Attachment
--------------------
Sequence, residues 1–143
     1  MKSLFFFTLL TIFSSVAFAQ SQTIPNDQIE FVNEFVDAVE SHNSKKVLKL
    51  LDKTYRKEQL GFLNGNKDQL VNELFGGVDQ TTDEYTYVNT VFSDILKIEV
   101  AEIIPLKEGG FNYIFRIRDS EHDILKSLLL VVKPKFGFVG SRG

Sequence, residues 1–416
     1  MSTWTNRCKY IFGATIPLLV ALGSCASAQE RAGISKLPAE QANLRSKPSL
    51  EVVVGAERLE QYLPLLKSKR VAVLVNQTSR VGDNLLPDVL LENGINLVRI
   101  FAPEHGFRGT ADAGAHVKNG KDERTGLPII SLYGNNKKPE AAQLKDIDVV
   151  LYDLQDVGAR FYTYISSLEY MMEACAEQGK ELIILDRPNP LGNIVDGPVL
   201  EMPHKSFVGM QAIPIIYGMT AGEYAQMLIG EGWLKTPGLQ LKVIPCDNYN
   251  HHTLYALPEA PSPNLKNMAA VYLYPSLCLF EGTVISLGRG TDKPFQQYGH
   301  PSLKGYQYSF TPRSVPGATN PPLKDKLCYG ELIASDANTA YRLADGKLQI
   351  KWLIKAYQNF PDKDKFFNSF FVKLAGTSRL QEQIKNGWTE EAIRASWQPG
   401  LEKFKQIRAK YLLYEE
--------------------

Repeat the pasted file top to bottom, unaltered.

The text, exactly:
Sequence, residues 1–143
     1  MKSLFFFTLL TIFSSVAFAQ SQTIPNDQIE FVNEFVDAVE SHNSKKVLKL
    51  LDKTYRKEQL GFLNGNKDQL VNELFGGVDQ TTDEYTYVNT VFSDILKIEV
   101  AEIIPLKEGG FNYIFRIRDS EHDILKSLLL VVKPKFGFVG SRG

Sequence, residues 1–416
     1  MSTWTNRCKY IFGATIPLLV ALGSCASAQE RAGISKLPAE QANLRSKPSL
    51  EVVVGAERLE QYLPLLKSKR VAVLVNQTSR VGDNLLPDVL LENGINLVRI
   101  FAPEHGFRGT ADAGAHVKNG KDERTGLPII SLYGNNKKPE AAQLKDIDVV
   151  LYDLQDVGAR FYTYISSLEY MMEACAEQGK ELIILDRPNP LGNIVDGPVL
   201  EMPHKSFVGM QAIPIIYGMT AGEYAQMLIG EGWLKTPGLQ LKVIPCDNYN
   251  HHTLYALPEA PSPNLKNMAA VYLYPSLCLF EGTVISLGRG TDKPFQQYGH
   301  PSLKGYQYSF TPRSVPGATN PPLKDKLCYG ELIASDANTA YRLADGKLQI
   351  KWLIKAYQNF PDKDKFFNSF FVKLAGTSRL QEQIKNGWTE EAIRASWQPG
   401  LEKFKQIRAK YLLYEE